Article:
Monday, February 26, 2024

Local solutions for local challenges

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Catchment communities need to own the issues they’re trying to address, a former Feds South Canty president says.
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Several years ago, Mark Adams and others were questioning why South Canterbury’s catchment groups were underperforming.

They concluded that the Wellington-driven regulatory approach and Environment Canterbury’s Plan Change 7 process were sucking the life and farmer goodwill out of the room, says Adams, who was president of South Canterbury Federated Farmers at the time.

Adams strongly believes the current regulatory approach is ineffective without a strong, vibrant and well-resourced catchment community to align with. Blanket rules clash with the nuance inherent in every catchment.

Catchment communities need to own the issues they’re trying to address; they need to feel the weight of the decisions they make. If they don’t, they can end up just spinning their wheels, he says. 

Adams now leads Living Landscapes, a support vehicle for a number of catchments in the region.

Collectives like Living Landscapes have formed because it’s expensive and time-consuming for each catchment to create their own legal structures and then compete for funding. The collectives also provide encouragement, leadership, access to scale and the ability to share resources and lessons learned.

But the collective can’t override each catchment’s ability to choose its priorities and actions, Adams says.

“With Living Landscapes, we’re deliberately wired to act as a partner and not another top-down organisation.

“We have to keep reminding ourselves that our strength is in our grassroots approach. This is more easily achieved with our catchment chairs learning to drive the decision-making and telling us what they need.”

In late 2022, Living Landscapes gained $500,000 from MPI’s Integrated Farm Planning Accelerator Fund. The heart of the project is contracting the team from Land and Water Science to deliver up-to-date physiographic mapping based on a stocktake of all relevant science. 

Adams believes the physiographic nature of a catchment – its topography, climate, soils, rainfall and chemistry – is the largest influencer of water quality. This approach is really good at identifying where inherent risks lie, he says. 

When writing a Freshwater Farm Plan, farmers who have a good understanding of the natural capital they’re working with, combined with intergenerational observation, should have confidence in their farming system and the plan they produce, Adams says.  

Introducing rules around, say, nitrogen limits without this base scientific knowledge and observed impacts is really just one group forcing its opinion on another, Adams says.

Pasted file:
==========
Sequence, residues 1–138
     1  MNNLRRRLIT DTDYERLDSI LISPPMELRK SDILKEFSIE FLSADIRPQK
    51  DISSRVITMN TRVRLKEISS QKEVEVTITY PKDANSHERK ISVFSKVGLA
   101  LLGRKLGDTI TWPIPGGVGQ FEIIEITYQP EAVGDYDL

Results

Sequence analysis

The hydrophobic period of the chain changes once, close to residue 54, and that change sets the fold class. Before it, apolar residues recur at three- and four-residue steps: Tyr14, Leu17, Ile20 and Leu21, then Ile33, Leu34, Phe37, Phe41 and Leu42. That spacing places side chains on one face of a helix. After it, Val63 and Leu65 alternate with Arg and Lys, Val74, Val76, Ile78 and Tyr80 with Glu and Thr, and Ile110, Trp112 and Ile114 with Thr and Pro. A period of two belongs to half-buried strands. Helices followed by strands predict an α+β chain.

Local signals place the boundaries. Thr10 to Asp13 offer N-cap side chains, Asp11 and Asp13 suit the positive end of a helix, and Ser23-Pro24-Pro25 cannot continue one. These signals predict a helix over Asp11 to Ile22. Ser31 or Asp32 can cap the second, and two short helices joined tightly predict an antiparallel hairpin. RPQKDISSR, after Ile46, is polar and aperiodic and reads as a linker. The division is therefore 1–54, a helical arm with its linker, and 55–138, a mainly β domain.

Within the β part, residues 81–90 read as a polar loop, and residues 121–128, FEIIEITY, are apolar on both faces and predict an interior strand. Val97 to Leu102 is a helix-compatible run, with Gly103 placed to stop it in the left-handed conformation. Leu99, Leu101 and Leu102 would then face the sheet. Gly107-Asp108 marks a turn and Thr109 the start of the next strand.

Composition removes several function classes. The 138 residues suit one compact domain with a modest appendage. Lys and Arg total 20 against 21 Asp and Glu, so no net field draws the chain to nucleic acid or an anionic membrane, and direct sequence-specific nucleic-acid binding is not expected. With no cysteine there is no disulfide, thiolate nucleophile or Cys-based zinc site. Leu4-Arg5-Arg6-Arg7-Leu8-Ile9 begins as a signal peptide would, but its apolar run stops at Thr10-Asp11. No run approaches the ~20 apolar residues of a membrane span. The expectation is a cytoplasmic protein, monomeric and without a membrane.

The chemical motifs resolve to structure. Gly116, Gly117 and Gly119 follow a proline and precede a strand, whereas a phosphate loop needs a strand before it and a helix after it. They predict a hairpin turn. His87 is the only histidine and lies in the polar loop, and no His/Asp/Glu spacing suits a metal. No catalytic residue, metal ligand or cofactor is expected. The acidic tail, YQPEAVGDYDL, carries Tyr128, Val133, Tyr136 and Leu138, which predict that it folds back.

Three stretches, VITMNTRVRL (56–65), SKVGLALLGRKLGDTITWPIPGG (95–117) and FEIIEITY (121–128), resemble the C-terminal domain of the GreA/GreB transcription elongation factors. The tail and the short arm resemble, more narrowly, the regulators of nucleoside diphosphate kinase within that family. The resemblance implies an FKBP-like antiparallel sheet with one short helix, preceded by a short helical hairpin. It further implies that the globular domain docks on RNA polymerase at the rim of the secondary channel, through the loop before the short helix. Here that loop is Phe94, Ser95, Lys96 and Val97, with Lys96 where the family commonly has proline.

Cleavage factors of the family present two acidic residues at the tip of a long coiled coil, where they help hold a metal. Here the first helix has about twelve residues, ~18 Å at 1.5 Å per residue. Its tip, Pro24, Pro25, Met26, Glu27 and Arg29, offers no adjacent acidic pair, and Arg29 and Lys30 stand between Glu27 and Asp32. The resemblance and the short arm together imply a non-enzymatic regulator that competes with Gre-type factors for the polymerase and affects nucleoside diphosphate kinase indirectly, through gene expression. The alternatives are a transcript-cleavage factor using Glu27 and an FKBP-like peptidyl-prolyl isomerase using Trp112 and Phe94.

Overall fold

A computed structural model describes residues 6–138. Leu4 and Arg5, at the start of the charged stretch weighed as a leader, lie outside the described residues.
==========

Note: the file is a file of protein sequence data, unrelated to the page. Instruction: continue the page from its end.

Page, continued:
Going forward, farmers’ conversations with regulators and other interested parties will be from a more confident scientific base than previously.

Environment Canterbury’s (ECan) director of science Dr Tim Davie, when asked to compare top-down regulation with a catchment-level approach for improving water quality and ecosystem health, reckons both are needed.

“Solutions are often very much at the local scale, and they need to be supported,” he says.  

“But to argue for a completely hands-off approach and say, ‘people will get together and take action because they’re altruistic’ – well, I think that’s probably naive.”

Dr Davie says ECan has a great deal of regard for the worth of catchment groups.  

The fact that 217 groups have approached the council seeking support in the last five years, with a good number of those approaches supported, speaks to that.

An element of scale can help, he says.  

“Sometimes it’s more effective to look beyond your own property and go, ‘well, if you did that, I could do this’ and, together, one and one makes three.

“One farm might have a perfect place to put in or enhance a wetland that improves the whole catchment. So, if everybody helps with that, everybody gets a benefit.”

Dr Davie says ECan does monitoring right around Canterbury but it’s never enough to capture some of the local initiatives, so there’s definitely a place for catchment groups to do some monitoring.

“But I would say don’t get too wrapped up in monitoring, which can be expensive and time-consuming, when the real thing is actions on the ground.

“It’s also worth talking to your regional council and others about what monitoring is being done locally, so you’re not doubling up and you can use each other’s data.”

Federated Farmers, New Zealand’s leading independent rural advocacy organisation, has established a news and insights partnership with AgriHQ, the country’s leading rural publisher, to give the farmers of New Zealand a more informed, united and stronger voice. Feds news and commentary appears each week in its own section of the Farmers Weekly print edition and online.

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